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http://dx.doi.org/10.1051/vetres:2008032DOI Listing
January 2009

Combined vaccination of live 1B Chlamydophila abortus and killed phase I Coxiella burnetii vaccine does not destroy protection against chlamydiosis in a mouse model.

Can J Vet Res 2004 Jul;68(3):226-8

Unité de Pathologie Infectieuse et Immunologie, INRA-Centre de Tours, Nouzilly 37380 France.

Q fever and chlamydiosis often affect ovine and caprine flocks simultaneously or successively. Combination vaccines effective against these 2 diseases would be of great value in veterinary medicine. Unfortunately, the current effective vaccines are a live vaccine for chlamydiosis and killed vaccine for Q fever. Vaccination of mice with live chlamydiosis vaccine 1B and killed phase I vaccine against Q fever at 2 points on the back at the same time produced good protection against chlamydial abortion. This suggests that it may be possible to vaccinate ewes and goats against chlamydiosis and Q fever simultaneously.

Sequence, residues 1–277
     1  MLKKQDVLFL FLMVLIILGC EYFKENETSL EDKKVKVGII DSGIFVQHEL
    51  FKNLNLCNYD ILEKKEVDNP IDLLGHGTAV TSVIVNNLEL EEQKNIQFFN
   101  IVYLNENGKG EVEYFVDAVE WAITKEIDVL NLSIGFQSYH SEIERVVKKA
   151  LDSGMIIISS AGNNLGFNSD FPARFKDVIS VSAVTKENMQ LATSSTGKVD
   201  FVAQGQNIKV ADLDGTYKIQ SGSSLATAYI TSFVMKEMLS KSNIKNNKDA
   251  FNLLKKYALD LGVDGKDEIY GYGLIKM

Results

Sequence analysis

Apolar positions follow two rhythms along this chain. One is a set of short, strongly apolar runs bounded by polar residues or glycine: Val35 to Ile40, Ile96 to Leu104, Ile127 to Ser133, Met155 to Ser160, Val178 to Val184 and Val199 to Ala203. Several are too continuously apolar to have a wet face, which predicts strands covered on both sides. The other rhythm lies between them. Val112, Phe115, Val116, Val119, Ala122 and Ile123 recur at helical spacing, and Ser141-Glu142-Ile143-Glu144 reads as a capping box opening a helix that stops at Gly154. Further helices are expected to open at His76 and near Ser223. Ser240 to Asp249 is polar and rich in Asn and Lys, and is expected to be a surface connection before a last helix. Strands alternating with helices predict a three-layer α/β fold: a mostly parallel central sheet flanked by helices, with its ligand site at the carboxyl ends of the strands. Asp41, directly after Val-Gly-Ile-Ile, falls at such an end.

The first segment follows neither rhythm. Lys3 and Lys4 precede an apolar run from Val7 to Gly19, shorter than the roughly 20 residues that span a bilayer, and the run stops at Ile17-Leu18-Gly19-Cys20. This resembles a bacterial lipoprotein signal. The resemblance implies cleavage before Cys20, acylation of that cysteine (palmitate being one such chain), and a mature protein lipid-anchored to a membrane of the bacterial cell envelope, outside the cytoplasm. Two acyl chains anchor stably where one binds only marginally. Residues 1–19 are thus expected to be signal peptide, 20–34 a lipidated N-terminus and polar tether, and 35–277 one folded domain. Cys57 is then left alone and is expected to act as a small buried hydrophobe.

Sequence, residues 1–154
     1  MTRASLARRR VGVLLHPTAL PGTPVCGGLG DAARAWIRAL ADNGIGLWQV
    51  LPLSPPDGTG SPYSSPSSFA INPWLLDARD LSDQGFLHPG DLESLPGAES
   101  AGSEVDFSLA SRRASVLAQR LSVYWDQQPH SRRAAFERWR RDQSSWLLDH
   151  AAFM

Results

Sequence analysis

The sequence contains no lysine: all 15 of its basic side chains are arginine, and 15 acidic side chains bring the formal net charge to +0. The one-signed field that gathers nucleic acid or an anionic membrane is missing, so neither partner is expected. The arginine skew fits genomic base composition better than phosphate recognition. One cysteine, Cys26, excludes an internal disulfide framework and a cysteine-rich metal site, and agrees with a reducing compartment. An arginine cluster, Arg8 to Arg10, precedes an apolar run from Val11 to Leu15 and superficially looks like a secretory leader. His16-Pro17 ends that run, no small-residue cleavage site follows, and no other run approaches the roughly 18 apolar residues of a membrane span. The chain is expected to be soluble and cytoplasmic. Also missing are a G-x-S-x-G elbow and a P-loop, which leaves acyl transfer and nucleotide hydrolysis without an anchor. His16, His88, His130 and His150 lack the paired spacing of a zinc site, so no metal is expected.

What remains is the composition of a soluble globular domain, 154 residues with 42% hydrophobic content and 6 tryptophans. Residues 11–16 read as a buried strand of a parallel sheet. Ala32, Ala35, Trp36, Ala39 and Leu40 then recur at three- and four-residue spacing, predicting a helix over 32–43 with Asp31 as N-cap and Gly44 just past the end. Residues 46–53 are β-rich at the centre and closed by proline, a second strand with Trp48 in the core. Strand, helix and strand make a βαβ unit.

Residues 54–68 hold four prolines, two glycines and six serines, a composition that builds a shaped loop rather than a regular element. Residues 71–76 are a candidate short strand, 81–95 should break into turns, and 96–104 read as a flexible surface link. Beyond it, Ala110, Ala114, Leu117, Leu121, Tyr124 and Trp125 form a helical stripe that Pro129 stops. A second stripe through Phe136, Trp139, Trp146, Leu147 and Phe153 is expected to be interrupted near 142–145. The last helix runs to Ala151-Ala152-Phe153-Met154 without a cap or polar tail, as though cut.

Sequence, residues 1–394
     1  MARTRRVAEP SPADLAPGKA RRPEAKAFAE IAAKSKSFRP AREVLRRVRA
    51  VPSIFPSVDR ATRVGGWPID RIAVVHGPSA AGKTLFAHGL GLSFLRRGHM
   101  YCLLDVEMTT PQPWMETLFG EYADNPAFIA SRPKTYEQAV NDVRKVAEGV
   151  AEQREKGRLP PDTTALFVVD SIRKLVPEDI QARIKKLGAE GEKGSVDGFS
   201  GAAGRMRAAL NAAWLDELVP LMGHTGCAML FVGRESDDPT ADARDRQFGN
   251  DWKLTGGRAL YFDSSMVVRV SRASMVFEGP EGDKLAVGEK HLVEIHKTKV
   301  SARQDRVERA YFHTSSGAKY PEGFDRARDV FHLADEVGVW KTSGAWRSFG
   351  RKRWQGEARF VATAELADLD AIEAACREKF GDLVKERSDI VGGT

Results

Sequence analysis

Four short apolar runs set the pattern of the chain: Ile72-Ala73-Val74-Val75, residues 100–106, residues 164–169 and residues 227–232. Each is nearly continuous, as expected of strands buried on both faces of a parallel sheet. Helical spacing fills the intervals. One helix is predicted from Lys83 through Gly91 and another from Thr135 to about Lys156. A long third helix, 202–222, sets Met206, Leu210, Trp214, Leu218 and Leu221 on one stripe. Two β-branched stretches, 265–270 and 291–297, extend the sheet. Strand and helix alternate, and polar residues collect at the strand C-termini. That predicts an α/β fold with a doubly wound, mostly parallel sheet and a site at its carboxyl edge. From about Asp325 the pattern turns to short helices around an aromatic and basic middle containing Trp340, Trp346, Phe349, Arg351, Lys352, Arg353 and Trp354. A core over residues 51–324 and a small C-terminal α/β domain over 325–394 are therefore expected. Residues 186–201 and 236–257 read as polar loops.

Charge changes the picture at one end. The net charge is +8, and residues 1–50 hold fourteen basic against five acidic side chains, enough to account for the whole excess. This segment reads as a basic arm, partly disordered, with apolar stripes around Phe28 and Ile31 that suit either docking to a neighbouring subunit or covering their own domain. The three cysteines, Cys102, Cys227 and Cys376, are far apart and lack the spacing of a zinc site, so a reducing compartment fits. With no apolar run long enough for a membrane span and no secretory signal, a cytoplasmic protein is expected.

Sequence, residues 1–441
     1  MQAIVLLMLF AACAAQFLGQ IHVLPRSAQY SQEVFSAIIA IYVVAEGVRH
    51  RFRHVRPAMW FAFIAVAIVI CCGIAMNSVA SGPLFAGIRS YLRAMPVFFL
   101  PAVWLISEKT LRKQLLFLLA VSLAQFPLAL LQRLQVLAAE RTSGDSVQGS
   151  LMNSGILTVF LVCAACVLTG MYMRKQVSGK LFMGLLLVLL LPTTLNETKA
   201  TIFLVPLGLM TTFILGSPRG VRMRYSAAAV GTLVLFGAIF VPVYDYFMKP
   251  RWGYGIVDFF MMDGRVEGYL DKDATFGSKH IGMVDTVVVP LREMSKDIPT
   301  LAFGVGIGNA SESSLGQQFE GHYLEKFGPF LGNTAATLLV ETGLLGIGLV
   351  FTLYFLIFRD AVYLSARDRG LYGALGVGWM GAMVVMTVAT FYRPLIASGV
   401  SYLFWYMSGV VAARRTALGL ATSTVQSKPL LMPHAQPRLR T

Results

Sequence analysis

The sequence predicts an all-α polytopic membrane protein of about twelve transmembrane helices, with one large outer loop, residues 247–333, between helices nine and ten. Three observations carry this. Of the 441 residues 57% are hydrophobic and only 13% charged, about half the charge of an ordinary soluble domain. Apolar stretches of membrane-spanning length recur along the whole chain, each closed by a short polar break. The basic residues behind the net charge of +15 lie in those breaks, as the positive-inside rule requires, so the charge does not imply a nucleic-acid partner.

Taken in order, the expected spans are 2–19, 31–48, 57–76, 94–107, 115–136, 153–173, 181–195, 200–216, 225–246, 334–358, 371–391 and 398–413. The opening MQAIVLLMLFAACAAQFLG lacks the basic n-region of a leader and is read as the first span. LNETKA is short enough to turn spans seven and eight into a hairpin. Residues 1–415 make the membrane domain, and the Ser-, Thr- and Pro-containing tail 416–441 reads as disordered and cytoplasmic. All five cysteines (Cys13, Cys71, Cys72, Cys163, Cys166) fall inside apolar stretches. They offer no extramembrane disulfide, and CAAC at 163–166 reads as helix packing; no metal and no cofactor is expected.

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http://www.ncbi.nlm.nih.gov/pmc/articles/PMC1142145PMC
July 2004

Isolation and characterisation of local strains of Chlamydophila abortus (Chlamydia psittaci serotype 1) from Tunisia.

Vet Res 2002 Mar-Apr;33(2):215-22

Institut de la Recherche Vétérinaire de Tunisie, La Rabta.